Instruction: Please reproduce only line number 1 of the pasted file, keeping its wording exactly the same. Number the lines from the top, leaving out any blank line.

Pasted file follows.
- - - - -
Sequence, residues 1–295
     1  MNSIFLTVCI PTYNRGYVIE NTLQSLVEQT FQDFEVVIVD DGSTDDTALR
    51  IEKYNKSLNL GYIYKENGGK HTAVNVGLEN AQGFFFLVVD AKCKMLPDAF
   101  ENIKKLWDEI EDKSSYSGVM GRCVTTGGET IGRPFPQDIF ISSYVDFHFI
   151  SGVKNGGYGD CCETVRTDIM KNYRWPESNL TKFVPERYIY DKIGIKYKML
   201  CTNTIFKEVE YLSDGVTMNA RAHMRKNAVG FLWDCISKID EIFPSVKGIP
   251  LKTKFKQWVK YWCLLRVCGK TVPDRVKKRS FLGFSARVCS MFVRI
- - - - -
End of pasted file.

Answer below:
Sequence, residues 1–295